By Tracy Courage :: Photography by Jamison Mosley[dropcap]P[/dropcap]rosthetics have come such a long way that it can be hard to tell whether or not someone is missing a limb. With advanced technology, prosthetics look real and simulate the body’s natural movement.
Dr. Michael Kaczkowski, a specialist at the Center for Alloplastic Facial Reconstruction and Arkansas Artificial Eye Clinic and Prosthetics Clinic in Little Rock, develops and designs prosthetics that are both lifelike and restorative. For the past 28 years, he’s been creating custom anaplastology restorations for most anything missing on the human body. Patients from all over the world seek out his services.
In Arkansas, he works closely with the University of Arkansas for Medical Sciences and Arkansas Children’s Hospital. Eyes are one of his specialties, and he has worked with numerous children born with microphthalmia, or small eye syndrome. Without intervention, the child’s face grows asymmetrically.
Kaczkowski creates prosthetic tissue expanders. Newer expanders are created as the child grows, and when the child is old enough, Kaczkowski creates a custom eye that looks lifelike due to the variations of depth.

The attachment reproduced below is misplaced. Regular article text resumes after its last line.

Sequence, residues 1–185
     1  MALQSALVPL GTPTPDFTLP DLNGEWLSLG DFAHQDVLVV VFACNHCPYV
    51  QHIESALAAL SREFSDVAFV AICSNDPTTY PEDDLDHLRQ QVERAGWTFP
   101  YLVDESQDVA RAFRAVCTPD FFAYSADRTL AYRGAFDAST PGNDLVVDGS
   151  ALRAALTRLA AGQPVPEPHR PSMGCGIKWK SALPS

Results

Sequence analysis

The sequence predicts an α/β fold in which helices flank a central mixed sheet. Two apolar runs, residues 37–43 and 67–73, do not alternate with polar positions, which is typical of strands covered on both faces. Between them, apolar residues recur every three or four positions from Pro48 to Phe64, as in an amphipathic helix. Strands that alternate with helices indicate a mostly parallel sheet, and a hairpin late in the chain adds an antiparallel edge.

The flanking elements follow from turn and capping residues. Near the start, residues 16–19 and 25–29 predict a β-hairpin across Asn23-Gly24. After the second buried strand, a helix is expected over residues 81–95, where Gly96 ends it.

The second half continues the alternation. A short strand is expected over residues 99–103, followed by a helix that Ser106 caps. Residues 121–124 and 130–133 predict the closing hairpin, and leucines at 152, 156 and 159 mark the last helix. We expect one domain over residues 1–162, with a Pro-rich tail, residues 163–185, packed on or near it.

There’s a mix of technology and artistry that goes into Kaczkowski’s work.
“Because this is a specialized, we get facial patients who come from throughout country and other countries.”
Arm and leg prosthetics are far more common. Nearly 2 million people in the U.S. are living without a limb. A majority of those are below-the-knee amputees who have lost a limb due to vascular disorders, including diabetes.
With some time and adjustment, though, amputees find that they can continue to do the activities they love.
Thomas Long, 56, of Sherwood, has lived with a prosthetic leg for nearly 30 years after losing his leg in a workplace accident. He had six surgeries over the first year, and just when he was on the mend, a staph infection set in and doctors had to amputate below his right knee.
Long says he didn’t want to limp.
“I thought, ‘how can I make this leg walk like it’s supposed to? It’s only as good as it is. If I can’t make the prosthetic leg walk like my real leg, I’ll make my real leg walk like my prosthetic.’ I started out walking very odd, but I had a rhythm going. Now no one knows I have a prosthetic leg unless I tell them.”
He keeps his weight in check, exercises daily and maintains a positive attitude.
“You have to think positive,” he says. “It’s very possible that I’m getting around better than if my other leg had been saved.”
Over the years, Long has been outfitted with newer models as technology has improved. His current prosthetic is an elevated vacuum device for suspension and an energy-storing hydraulic foot and ankle that give him some spring in his step. Gel liners help absorb the blunt force on his stump.
“The suction system makes it feel like the stump and the prosthetic are one,” he says. “It’s very realistic.”
One thing that has not changed with newer technology: his phantom foot pains.